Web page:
Several things struck me about the the differences between the American and Australian approaches to fine art education. Firstly, in the US there’s more emphasis on the craft of being an artist – on being able to make art, not just conceptualise it. Second, there’s also more emphasis on turning up, working hard, and doing long hours. And third, there are staff who would have passed their use-by date in Australian art schools – but whose experience and teaching skill sets a benchmark we could well follow. One of these is Budge Hyde, who I was lucky enough to have running my Grad Drawing class.
Budge has been a practising artist and teacher for twice as long as many undergrads have lived. He still puts out more work than any of the grad students I worked with, on top of his teaching gigs at UMass and Greenfield Community College. And on top of this, he’s happy to give time to any student who’s serious about their work – and a strong push along to those who are coasting. His feedback carries the weight of his long experience, and his keen interest in where art comes from, especially the importance of the universal stories from classical mythology. Would that there were teachers like him everywhere.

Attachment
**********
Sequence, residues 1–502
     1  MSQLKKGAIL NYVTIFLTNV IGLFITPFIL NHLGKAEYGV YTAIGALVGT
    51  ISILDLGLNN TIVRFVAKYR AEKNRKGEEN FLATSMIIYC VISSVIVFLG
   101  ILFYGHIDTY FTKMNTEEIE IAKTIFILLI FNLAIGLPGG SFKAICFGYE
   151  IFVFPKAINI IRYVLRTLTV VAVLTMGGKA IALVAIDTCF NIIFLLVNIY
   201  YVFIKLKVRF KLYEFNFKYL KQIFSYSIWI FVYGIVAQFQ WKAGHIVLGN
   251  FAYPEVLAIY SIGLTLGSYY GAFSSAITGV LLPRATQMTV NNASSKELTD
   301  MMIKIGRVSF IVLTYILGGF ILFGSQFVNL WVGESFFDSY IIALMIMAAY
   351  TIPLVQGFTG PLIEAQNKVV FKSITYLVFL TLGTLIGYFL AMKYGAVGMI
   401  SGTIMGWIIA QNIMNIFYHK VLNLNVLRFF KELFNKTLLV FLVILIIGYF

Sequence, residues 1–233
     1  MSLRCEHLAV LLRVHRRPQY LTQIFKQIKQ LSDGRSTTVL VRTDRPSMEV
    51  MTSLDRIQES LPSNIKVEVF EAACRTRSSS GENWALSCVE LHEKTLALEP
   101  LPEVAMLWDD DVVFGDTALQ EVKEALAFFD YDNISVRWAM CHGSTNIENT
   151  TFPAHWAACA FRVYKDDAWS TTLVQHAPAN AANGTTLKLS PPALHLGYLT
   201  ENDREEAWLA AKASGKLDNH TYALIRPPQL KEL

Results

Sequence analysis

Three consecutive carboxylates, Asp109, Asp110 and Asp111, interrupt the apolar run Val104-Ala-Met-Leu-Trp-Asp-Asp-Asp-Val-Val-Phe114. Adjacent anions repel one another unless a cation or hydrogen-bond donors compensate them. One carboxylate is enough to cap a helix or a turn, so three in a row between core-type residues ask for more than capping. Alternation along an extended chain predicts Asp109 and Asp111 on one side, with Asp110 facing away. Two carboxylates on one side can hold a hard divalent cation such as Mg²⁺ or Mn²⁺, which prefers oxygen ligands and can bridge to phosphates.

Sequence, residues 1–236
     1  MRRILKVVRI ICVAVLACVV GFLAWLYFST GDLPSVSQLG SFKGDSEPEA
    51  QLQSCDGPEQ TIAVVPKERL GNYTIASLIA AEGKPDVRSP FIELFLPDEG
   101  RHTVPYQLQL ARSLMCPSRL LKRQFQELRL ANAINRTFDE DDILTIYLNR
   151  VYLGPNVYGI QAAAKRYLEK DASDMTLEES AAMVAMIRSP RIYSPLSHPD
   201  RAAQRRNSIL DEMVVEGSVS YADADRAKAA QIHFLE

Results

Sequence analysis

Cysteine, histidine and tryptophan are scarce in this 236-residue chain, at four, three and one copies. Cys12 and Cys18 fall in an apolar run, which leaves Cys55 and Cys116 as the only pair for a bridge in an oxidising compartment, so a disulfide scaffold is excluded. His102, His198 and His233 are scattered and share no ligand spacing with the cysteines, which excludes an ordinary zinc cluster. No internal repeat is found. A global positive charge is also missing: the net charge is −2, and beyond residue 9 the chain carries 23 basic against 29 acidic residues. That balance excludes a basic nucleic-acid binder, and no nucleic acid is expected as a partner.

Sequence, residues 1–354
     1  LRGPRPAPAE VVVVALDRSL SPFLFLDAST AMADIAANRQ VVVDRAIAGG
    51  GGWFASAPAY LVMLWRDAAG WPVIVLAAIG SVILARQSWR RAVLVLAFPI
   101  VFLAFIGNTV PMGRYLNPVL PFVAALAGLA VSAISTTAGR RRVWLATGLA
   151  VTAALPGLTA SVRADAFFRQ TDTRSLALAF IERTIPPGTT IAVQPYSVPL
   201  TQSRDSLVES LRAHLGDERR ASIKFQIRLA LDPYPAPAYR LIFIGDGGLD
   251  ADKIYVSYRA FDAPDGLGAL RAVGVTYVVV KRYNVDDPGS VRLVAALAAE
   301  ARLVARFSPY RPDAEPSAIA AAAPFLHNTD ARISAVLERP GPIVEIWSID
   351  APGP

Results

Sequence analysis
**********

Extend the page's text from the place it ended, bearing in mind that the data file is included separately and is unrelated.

Budge’s website is at www.budgehyde.com . His work will dispel any crazy notions you may have that we older folks are all stuck in the past.